I was just reading I'm just realizing, at 20 years of age, that I enjoy classical music. and I realized that lots of people today go through life not knowing much of anything about classical music. That's sad, because there's a treasure trove of experiences in there that people have felt were worthy of keeping around around for (in some cases) hundreds of years. My parents had it on constantly when I was a kid, so I grew up with it, but if you're starting with it now it can be kind of intimidating...there's just so much of it. Where do you start?

Perhaps this will help: once upon a time I asked a music director of mine for a "best of" list of classical music works, to help as a general guide and for building my own music library. He was quite enthusiastic, and came back with a two page handwritten list, which was so nicely and thoroughly done I thought it would be of general interest. This list is subjective, of course: his main interest is classical choral music, because he conducts one of the big Manhattan-based choruses, but he also did classical radio for 30 or 40 years and had a long career as a professor of music. Over the years, I've customized and modified the list a bit, but the overall structure is his.

This is by no means an attempt at a classical "canon", nor is it complete. This is simply one take on the "don't miss" pieces, the stuff that gets played over and over again on classical music stations, and is likely to be common to most enthusiasts' libraries. So if you're new at this classical music stuff and looking for somewhere to start, start here.


  • Opera is specifically excluded, because it deserves its own category, but when overtures to specific pieces have become important in their own right they are mentioned.
  • There's lots of nice pre-Baroque music (Josquin des Prez, Agricola, etc.) and Twentieth Century stuff that is omitted.
  • As usual, nationalities and "periods" (Baroque, Classical) are approximate, but I've left them in because they provide a useful framework.
  • If you feel I've left out something vitally important, /msg me.


Vivaldi, Antonio (Italian; 1678-1741)
The Four Seasons

Bach, Johann Sebastian (German; 1685-1750)
6 Brandenburg Concerti
4 Orchestra Suites
2 Violin Concerti
Concerto for 2 violins
Harpsichord Concerto in D Minor
Tocattas & Fugues
Goldberg Variations
Mass in B Minor
St. Matthew Passion
St. John Passion
Weinachtsoratorium (Christmas Oratorio)
Musikalisches Opfer (or Musical Offering)

Handel, George Frederic (1685-1759)
Water Music
Israel in Egypt


Haydn, Joseph (Austrian; 1732-1809)
Symphonies Nos. 88, 92 thru 104
The Creation
String Quartets, Opus 76

Mozart, Wolfgang Amadeus (Austrian; 1756-1791)
Symphonies Nos. 34 thru 41 (esp. 40, 41)
Piano Concertos Nos. 21 thru 27 (esp. 20, 21)
Violin Concertos Nos. 3, 4, 5
Sinfonia Concertante
Quintet in G Minor
Mass in C Minor, "Great Mass" K. 427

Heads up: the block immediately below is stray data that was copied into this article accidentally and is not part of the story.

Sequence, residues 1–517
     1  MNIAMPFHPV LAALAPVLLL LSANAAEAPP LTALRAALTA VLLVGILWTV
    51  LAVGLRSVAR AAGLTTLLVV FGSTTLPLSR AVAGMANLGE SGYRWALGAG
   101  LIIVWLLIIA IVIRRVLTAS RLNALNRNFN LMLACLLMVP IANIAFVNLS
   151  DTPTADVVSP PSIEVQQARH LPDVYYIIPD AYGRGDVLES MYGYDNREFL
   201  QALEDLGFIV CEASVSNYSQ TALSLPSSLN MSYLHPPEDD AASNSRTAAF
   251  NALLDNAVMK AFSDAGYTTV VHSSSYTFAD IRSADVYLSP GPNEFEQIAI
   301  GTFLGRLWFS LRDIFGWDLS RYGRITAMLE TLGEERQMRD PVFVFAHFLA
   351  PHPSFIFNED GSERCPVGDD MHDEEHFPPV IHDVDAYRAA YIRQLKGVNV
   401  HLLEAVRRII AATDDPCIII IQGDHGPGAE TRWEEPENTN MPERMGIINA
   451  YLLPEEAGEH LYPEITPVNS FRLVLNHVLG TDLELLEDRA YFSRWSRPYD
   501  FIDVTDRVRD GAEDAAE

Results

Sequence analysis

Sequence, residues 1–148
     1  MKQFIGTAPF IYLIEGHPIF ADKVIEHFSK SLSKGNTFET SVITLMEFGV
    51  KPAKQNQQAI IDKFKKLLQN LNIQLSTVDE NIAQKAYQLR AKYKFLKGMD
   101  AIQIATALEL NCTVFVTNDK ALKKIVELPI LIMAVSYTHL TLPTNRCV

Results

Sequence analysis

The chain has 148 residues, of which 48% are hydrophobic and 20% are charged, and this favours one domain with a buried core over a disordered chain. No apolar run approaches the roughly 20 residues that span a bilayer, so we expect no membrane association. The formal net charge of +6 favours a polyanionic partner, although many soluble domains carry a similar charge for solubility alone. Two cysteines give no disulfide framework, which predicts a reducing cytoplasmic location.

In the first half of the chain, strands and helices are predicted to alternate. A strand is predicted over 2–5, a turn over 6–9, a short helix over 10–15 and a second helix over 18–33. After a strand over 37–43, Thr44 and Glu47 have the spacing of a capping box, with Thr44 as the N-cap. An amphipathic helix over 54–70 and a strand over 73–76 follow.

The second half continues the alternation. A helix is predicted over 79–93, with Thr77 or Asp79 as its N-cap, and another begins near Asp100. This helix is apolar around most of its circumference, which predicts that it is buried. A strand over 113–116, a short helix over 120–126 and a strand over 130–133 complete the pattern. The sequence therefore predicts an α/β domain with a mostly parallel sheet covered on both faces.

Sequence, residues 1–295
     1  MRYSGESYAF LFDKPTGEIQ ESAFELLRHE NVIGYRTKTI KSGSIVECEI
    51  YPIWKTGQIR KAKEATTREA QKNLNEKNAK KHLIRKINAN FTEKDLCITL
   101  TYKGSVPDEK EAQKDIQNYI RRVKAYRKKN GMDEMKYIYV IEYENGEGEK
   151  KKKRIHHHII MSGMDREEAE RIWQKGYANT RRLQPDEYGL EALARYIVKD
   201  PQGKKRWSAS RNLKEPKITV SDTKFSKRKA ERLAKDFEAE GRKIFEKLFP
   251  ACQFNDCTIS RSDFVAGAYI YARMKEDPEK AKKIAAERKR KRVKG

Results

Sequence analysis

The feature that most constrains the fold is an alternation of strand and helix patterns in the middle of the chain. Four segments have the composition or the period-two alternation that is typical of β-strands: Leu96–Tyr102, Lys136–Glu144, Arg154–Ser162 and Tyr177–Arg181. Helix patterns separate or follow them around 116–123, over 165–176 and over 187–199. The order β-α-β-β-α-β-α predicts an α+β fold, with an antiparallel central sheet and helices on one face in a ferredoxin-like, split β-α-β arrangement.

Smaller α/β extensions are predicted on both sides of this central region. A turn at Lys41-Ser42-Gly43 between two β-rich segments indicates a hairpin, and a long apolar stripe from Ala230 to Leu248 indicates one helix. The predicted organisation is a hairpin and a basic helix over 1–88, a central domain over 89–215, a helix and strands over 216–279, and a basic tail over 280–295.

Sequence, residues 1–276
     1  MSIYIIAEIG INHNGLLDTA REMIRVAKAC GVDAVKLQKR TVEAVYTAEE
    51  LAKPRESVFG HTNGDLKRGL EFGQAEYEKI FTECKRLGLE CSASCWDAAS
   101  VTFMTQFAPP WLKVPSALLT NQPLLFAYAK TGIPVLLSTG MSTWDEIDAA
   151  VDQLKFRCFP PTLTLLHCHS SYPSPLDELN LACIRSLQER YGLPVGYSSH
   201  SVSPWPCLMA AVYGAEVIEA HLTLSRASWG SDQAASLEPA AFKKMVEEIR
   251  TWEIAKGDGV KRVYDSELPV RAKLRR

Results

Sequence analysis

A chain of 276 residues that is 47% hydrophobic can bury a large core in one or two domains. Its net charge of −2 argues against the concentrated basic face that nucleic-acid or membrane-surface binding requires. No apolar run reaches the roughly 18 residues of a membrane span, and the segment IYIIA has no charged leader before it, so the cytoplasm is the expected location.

Eine Kleine Nachtmusik
Clarinet Quintet
Overtures to Operas: Die Zauberflote, Don Giovanni, Le Nozze De Figaro

Beethoven, Ludwig van (German; 1770-1827)
Symphonies 3, 5, 7, 9 (more powerful)
Symphonies 1, 2, 4, 6, 8 (more lyrical & flowing)
Piano Concertos Nos. 3, 4, 5
Violin Concerto, Op. 61
Mass in C Major, Op. 86
Missa Solemnis
String Quartets, Op. 59, Nos. 1, 2 and 3
Piano Sonatas: "Moonlight", "Appassionata", "Pathetique"
"Archduke" Trio
Coriolanus and Egmont Overtures

Schubert, Franz Peter (Austrian; 1797-1828)
"Unfinished" Symphony
Symphony #9
String Quartet #14, in D Minor "Death and the Maiden"
String Quintet, Op. 163 (in C)
Mass No. 6 in E Flat
"Rosamunde", Incidental Music
Piano Trios, Op. 9 and Op. 100
"Trout" Quintet

Romantic & Turn-of-the-century

Schumann, Robert (German; 1810-1856)
Symphonies 1 thru 4
Piano Concerto in A Minor
Piano Quintet, Op. 44

Mendelssohn, Felix (German; 1809-1847)
Symphonies #2, "Lobgesang", #3 "Scotch", #4 "Italian" and #5 "Reformation"
Violin Concerto in E Minor
Midsummer Nights Dream: Incidental Music
Octet for Strings

Chopin, Frederic (Polish; 1810-1849)
"Revolutionary" Etude
Nocturnes for piano (mostly quiet)
Scherzi for piano
Piano Concertos, Nos. 1 and 2

Berlioz, Hector (French; 1803-1869)
Symphony Fantastique

Wagner, Richard (German; 1813-1883)
"Meistersinger" Prelude
"Tannhauser" Prelude
"Rienzi" Prelude
"The Flying Dutchman" Overture

Liszt, Franz (Hungarian; 1811-1886)
Les Preludes
Piano Concerto No. 1

Brahms, Johannes (German; 1833-1897)
Symphonies Nos. 1 thru 4
Piano Concertos Nos. 1 and 2
Violin Concerto
Double Concerto, Op. 102
Schicksalslied, Op. 54
String Quartet, Op. 51, No. 1
Clarinet Quintet

Tchaikovsky, Piotr Ilyitch (Russian; 1840-1893)
Symphonies Nos. 4, 5, 6
Piano Concerto No. 1
Violin Concerto
Serenade for Strings
Souvenir of Florence (string sextet)
Nutcracker Suite
Romeo & Juliet: Overture Fantasy
Rococo Variations for Cello & Orchestra

Bruckner, Anton (Austrian; 1824-1896)
Symphony #7

Verdi, Giuseppe (Italian; 1813-1901)

Dvorak, Antonin (Bohemia/Czech; 1841-1904)
Symphony #9 "New World"
Cello Concerto

Grieg, Edvard (Norwegian; 1843-1907)
Piano Concerto in A Minor
Holberg Suite
Peer Gynt Suite

Mahler, Gustav (Austrian; 1860-1911)
Symphonies Nos. 1, 2, 4
Das Lied von der Erde
Des Knaben Wunderhorn

Elgar, Sir Edwin William (English; 1857-1934)
Enigma Variations
Pomp and Circumstance marches

Holst, Gustav (English; 1874-1934)
The Planets

Rachmaninoff, Sergey Vasilyevich (Russian; 1873-1943)
Rhapsody on a Theme of Paganini
Piano Concertos Nos. 2 and 3
Symphony No. 2

Strauss, Richard (German; 1864-1949)
Til Eulenspiegel's Merry Pranks
Also Sprach Zarathustra